The exaction of plasma samples was performed after the 10-hour starvation treatment before angiography. These samples were subject to a 10-minute centrifugation at 1000g, and then maintained in a low-temperature (-80°C) environment for later use. An ELISA kit (Abcam, Shanghai, China) was used for the measurement of the TF levels of the plasma.
The chemosynthesis of TF siRNA as well as its negative control (NC) was performed in Shanghai Genepharma Co., Ltd. (Shanghai, China). The experimental cells (1x106) were cultured in a 6-well plate, with each well added with DMEM (which was antibiotic- and serum-free). After lung cancer cells reached 30-50% confluency, Lipofectamine 3000 (Invitrogen, Carlsbad, CA, USA) was used to infect these cells with with TF-siRNA or NC at working concentrations strictly following the instructions of the manufacturer. After incubating these cells for 4 to 5 hours, the original DMEM was removed and new DMEM supplemented with 10% FBS was added. Afterwards, these cells were all subject to a 24-hour incubation in an environment with a certain concentration of CO2 at a constant temperature of 37˚C before any further test.
Trizol reagent (Invitrogen, Carlsbad, CA) was used to extract complete RNAs from PC9 and A549 cell lines strictly following the instructions of the manufacturer. Concisely, 10-volume TRI Reagent was applied to the homogenization of the samples, which was then subject to a 10-minute centrifugation at 12,000xg at 4°C. A clean tube was used to hold the supernatant, and100 μL BCP per 1 mL of TRI Reagent solution was added into the tube to homogenize the supernatant. The ethanol was removed from the supernatant via a 5-minute centrifugation at 7,500g. Then, the RNA pellet was put in open air to dry spontaneously. THE RNA Storage Solution was used to dissolve the extracted complete RNAs. The PrimeScript RT Master Mix (Perfect Real Time) kit was applied to the synthesis of cDNA for RT-PCR. β-actin was used as an internal control. TF primers used were: Forward 5'-CAAACCCGTCAATCAAGT-3' and Reverse 5'-CTTCACATCCTTCACAATCTCG-3'. β-actin primers used were: Forward 5'-ATCATGTTTGAGACCTTCA ACA-3' and Reverse 5'-CATCTCTTGCTCGAAGTCC A-3'. qRT-PCR was performed in an ABI Prism 7600 system (Applied Biosystems, USA) strictly following the instructions of the manufacturer, subject to 10-minute cycling at 95˚C and the subsequent 45 cycles for 15s and 45s at 95˚C and 65˚C, respectively. The 2-ΔΔCt method was applied to the calculation of the data about gene expression. All experiments were done in triplicate.
Cells were pipetted onto a 96-well plate in triplicate at 5.0×104 in each plate on the first day (24 hours after the transfection of siRNA). The 10 ll WST-8 from Cell counting kit-8 (Dojindo, Shanghai, Japan) was applied to the measurement of the absorbance at 450nm every other day after the samples were incubated for one hour until the 6th day. The control group was cells without siRNA transfection. The author totally conducted three independent experiments.
Four hours after being transfected, the cells (300 cells from each group) were moved to a 6-well plate added with complete medium for further incubation. The equal distribution of the cells was achieved by shaking the plate. About 8 days later, when the colonies could be seen with bare eyes, the culture medium was removed and PBS was used to wash the plate thoroughly. Afterwards, 95% ethanol was used to fix these colonies for 10 minutes, and 0.1% crystal violet was then used to stain these cells for another 10 minutes after they were thoroughly dried. Next, pure water was used to wash the plate for three times, and after the number of cells contained in the well reached up to 50, the author counted the colonies observable. This experiment was performed in triplicate.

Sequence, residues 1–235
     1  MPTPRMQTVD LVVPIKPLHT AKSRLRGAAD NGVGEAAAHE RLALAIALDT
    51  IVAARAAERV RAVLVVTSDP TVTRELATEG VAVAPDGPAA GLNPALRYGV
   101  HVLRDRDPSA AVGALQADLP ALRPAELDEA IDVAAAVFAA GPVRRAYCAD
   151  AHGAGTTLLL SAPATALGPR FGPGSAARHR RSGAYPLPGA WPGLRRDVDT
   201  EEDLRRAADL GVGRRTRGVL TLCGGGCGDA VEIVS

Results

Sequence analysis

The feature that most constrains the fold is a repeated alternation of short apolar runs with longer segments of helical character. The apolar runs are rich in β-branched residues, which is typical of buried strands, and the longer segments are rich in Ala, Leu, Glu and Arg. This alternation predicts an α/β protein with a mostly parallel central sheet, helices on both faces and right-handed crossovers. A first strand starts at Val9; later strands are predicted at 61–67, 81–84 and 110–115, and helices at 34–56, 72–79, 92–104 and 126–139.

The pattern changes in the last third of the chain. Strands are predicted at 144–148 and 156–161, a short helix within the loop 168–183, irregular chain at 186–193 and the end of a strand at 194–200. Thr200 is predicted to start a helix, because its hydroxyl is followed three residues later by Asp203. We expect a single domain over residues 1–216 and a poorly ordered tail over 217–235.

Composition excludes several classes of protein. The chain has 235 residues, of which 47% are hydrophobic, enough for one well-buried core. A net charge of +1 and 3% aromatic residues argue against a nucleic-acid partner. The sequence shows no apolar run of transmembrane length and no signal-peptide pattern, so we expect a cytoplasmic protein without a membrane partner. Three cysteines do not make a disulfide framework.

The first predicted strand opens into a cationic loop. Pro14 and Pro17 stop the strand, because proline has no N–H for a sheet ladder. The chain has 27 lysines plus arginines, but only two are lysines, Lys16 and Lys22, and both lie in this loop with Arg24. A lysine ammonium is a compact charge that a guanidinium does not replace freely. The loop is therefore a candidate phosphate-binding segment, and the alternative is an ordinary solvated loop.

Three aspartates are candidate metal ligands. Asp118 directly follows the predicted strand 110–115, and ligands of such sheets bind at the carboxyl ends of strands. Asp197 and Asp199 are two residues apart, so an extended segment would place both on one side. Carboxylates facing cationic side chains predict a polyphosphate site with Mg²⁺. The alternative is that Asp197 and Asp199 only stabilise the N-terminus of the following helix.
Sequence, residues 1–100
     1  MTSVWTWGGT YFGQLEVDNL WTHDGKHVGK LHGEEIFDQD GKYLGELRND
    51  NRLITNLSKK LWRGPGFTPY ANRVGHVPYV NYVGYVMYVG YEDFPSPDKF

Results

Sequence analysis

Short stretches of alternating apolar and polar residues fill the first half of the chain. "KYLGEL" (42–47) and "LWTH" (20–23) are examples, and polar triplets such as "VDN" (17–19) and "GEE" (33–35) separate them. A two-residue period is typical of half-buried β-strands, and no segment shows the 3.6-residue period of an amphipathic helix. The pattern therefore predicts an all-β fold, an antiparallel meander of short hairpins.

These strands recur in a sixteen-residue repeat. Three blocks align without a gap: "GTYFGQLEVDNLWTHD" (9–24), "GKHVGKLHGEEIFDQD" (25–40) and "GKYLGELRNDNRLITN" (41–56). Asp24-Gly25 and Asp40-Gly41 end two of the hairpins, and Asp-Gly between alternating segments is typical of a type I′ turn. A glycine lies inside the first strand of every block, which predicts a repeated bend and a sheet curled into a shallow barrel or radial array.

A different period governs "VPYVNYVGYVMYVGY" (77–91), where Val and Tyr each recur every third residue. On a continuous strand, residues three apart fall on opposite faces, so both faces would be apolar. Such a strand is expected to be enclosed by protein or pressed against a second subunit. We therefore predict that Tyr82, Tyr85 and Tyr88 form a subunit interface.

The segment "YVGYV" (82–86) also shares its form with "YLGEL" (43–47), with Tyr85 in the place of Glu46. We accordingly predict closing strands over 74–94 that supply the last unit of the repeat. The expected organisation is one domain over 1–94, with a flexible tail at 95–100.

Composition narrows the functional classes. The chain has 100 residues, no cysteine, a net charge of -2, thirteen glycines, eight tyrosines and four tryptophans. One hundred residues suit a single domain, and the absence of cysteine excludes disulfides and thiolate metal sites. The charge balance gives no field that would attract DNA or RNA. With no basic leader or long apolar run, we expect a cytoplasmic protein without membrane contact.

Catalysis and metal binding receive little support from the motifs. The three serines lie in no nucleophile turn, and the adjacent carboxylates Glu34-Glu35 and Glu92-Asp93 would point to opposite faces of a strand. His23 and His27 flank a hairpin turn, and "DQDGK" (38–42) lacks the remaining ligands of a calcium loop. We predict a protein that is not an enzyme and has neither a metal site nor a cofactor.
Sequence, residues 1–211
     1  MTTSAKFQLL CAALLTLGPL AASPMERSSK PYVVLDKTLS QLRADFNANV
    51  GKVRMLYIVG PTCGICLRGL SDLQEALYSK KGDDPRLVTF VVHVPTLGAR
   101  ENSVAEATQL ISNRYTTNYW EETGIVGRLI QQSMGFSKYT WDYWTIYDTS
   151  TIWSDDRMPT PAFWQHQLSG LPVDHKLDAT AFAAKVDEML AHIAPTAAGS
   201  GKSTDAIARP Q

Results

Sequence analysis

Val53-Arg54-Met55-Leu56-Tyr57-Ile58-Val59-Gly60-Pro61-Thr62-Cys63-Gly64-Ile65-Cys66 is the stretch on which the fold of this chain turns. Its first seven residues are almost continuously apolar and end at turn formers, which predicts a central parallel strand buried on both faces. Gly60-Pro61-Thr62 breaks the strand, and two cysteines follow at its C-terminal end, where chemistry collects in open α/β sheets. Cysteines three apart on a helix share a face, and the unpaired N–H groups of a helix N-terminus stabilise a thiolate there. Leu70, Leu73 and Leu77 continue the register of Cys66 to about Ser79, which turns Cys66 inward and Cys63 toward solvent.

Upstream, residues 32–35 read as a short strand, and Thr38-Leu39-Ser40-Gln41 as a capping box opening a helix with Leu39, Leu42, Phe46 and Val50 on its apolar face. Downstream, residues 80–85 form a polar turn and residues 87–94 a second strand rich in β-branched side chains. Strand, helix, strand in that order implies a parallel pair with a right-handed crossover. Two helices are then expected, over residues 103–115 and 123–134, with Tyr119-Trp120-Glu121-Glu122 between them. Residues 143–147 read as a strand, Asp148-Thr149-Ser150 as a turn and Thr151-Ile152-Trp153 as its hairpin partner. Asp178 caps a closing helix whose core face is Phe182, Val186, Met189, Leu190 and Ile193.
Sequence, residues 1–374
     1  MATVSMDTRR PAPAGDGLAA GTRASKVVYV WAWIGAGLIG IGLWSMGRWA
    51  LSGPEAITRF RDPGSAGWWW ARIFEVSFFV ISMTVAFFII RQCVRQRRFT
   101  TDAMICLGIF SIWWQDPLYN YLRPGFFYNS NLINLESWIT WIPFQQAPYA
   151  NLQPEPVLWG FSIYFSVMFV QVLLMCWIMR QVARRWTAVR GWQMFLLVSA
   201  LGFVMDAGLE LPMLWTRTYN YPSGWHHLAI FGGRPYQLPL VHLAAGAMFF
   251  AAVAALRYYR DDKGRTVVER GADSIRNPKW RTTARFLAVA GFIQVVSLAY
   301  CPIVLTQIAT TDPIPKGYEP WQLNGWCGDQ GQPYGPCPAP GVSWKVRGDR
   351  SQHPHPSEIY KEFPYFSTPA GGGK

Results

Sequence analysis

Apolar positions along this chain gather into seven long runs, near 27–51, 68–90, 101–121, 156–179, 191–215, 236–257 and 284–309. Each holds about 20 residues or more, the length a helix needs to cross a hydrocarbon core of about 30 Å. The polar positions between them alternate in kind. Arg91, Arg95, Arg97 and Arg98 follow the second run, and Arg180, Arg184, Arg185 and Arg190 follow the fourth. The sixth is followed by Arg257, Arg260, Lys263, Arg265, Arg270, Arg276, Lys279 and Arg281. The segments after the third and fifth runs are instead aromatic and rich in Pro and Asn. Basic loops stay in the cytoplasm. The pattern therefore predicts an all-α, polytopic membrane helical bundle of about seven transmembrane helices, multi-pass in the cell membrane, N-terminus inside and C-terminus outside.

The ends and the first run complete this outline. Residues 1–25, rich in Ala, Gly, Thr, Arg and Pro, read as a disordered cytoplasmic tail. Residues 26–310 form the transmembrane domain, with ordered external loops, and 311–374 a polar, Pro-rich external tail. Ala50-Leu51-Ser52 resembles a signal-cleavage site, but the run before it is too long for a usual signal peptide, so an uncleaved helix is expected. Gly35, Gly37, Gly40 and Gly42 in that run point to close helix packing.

After transfection, the cells were move to a 6-well plate for incubation to get a confluence of around 90%. Then, a sterile pipette tip was used to make a scratch in each of the six wells. A light microwave was used to observe wound-healing after the plate was washed in PBS. Pictures were taken at 0, 12, 24 and 48 h, respectively during the healing process. This operation was performed twice, and pictures with sufficient representativeness have been selected and demonstrated.
Chemicon Cell Invasion Assay kit (Chemicon, Temecula, CA, USA) was used to perform a Transwell invasion assay. The top chamber with a Matrigel (2 mg/ml)-coated membrane containing 8-mm diameter pores in 200 μl serum-free DMEM contained the TF-siRNA or NC transfected cells (5x104 cells/Transwell), while the lower chambers were added with 500 μl DMEM containing 10% FBS. 0.1% crystal violet was used to stain the membrane after it was incubated for 48 consecutive hours, and the stained membrane was put under a microscope for observation after the removal of cells and Matrigel in the top chamber. The author totally selected five spots in each membrane on a random basis, and the cells in each spot, which had penetrated the membrane, well counted at a magnification of x200. The number of cells that had invaded the membrane was used as an indicator of the cells' invasion ability. All the experiments were performed in triplicate. Similarly, the metastasis assay was also conducted except that on the top chamber, there was no Matrigel-coated membrane.